Bienvenido Lumbera, the great teacher
We know Bienvenido Lumbera as—and this is quite a litany—a consummate writer, scholar, poet, critic, dramatist, librettist, and, best of all, a nationalist. He was the recipient of the Ramon Magsaysay Award for Journalism, Literature, the Creative Communication Arts in 1993, and the National Artist Award for Literature in 2006.
The recent nine-day Parangal that began immediately on the evening of the day Lumbera left us was heartwarming, and was a necessary ritual for those left behind heavy with grief. With each organization and institution he was affiliated with as evening sponsors, the nine days were seemingly not enough for all of them.
Lumbera as a teacher was the memory recalled over and over again. In fact, on his 80th birthday, he was honored by hundreds of students and fellow artists as the People’s Teacher and Artist at the University of the Philippines Diliman, in recognition of the decades he had dedicated to his work. The ceremony, cleverly called “Muy Bien! Guro at Artista ng Bayan,” was made especially memorable because Lumbera was playfully crowned with laurel leaves cast in metal, representing his significant contributions to Filipino culture, literature, and society.
Lumbera was patient and generous with his time with students, eager to lead them to explore new worlds. Students feared enrolling in his class, because while he was gentle and softspoken, one also got it if one did not do enough reading and critiquing. Filmmaker Sari Dalena, who sat in front of the class because she could not hear well and wanted to catch every word he was saying, was terrified when she was assigned to research on experimental films, a topic on which there was very little material. But look where it led her. Luna Sicat Cleto, award-winning writer, did not get excellent grades in Lumbera’s class, but his comments were inspiring and encouraging enough to lead her to where she is today. Soledad Reyes, well-known literary scholar and writer, was Lumbera’s teaching assistant, and today the authority on Macario Pineda and the Tagalog novel. It was Lumbera who suggested for her to “discover” Macario Pineda.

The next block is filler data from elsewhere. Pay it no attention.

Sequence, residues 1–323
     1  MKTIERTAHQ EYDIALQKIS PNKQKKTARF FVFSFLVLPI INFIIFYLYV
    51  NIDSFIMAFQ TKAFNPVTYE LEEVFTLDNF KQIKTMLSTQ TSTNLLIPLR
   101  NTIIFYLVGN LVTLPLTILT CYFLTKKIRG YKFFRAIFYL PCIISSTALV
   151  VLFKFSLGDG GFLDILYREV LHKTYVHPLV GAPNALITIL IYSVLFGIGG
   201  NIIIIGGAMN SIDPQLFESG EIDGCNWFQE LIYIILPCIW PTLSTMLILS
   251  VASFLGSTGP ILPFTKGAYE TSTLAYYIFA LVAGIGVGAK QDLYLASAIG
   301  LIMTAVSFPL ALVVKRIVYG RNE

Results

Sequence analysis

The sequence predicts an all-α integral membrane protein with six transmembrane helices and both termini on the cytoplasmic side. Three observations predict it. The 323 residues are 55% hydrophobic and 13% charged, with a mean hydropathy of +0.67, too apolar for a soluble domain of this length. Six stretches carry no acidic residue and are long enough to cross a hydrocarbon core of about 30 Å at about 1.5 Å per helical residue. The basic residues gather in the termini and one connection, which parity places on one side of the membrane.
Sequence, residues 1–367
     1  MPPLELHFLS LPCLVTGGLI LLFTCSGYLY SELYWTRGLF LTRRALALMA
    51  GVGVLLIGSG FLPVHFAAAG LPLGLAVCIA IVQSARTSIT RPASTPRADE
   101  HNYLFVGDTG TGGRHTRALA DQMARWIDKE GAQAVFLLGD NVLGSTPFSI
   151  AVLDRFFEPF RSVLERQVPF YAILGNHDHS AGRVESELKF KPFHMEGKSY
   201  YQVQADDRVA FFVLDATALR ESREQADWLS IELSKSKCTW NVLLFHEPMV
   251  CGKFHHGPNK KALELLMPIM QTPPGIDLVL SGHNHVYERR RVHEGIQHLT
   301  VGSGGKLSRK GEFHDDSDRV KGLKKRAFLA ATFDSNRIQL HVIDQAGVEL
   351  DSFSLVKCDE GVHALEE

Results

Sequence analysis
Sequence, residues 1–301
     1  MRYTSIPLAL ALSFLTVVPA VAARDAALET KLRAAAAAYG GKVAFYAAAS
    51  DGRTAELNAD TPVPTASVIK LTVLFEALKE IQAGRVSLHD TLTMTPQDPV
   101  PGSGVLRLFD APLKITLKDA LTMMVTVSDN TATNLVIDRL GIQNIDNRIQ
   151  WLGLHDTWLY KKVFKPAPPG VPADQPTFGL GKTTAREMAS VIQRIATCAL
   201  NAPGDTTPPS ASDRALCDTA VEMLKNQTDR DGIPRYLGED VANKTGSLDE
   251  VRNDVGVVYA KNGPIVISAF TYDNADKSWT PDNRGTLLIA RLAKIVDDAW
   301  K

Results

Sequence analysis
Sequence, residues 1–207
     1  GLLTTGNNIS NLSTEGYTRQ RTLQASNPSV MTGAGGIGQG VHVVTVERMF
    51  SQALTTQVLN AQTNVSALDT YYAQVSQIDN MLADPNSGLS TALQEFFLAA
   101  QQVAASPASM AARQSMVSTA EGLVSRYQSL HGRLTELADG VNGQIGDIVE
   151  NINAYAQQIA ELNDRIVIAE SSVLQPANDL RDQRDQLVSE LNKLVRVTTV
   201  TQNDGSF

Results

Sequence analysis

I was also fortunate to learn at his feet, though only for the comparative literature course. It was he who led me to my thesis subject, Casiano T. Calalang, one of the first Filipino writers, in the same generation as Loreto Paras Sulit and Paz Marquez Benitez who wrote short stories in their newly learned English. Lumbera was my original thesis adviser, until the onset of martial law. I finally completed my thesis after two babies, with my savior of a thesis mentor, Dr. Edna Zapanta Manlapaz.
I do not recall the critical theories discussed in class. It is really true that students remember their best teachers not for the curriculum they taught, but the lingering curiosity and love for learning they leave us with. My teacher, Bien Lumbera, left me with that—and a continuing appreciation for Philippine literature.
One more lasting contribution by Lumbera was his leaving us on Sept. 28. Truly the theater person that he was, that was the perfect day and the perfect time. As pointed out on Day 1 of the nine-day Parangal for him, the day had in a sense been salvaged—no longer as a day to be associated with the death of a dictator, but with that of a true hero, Bien Lumbera. One who is truly deserving to be in the Libingan ng mga Bayani. Indeed, Lumbera had the last word.
A Sentro Lumbera, an online repository of his works and people’s tributes, photos, and memorabilia of him, will be launched on his 90th birthday on April 11, 2022. Send contributions to [email protected]/sentrolumbera04112022.
Neni Sta. Romana Cruz ([email protected]) is the founding director of the creative writing center Write Things, and was the former chair of the National Book Development Board.
Subscribe to INQUIRER PLUS to get access to The Philippine Daily Inquirer & other 70+ titles, share up to 5 gadgets, listen to the news, download as early as 4am & share articles on social media. Call 896 6000.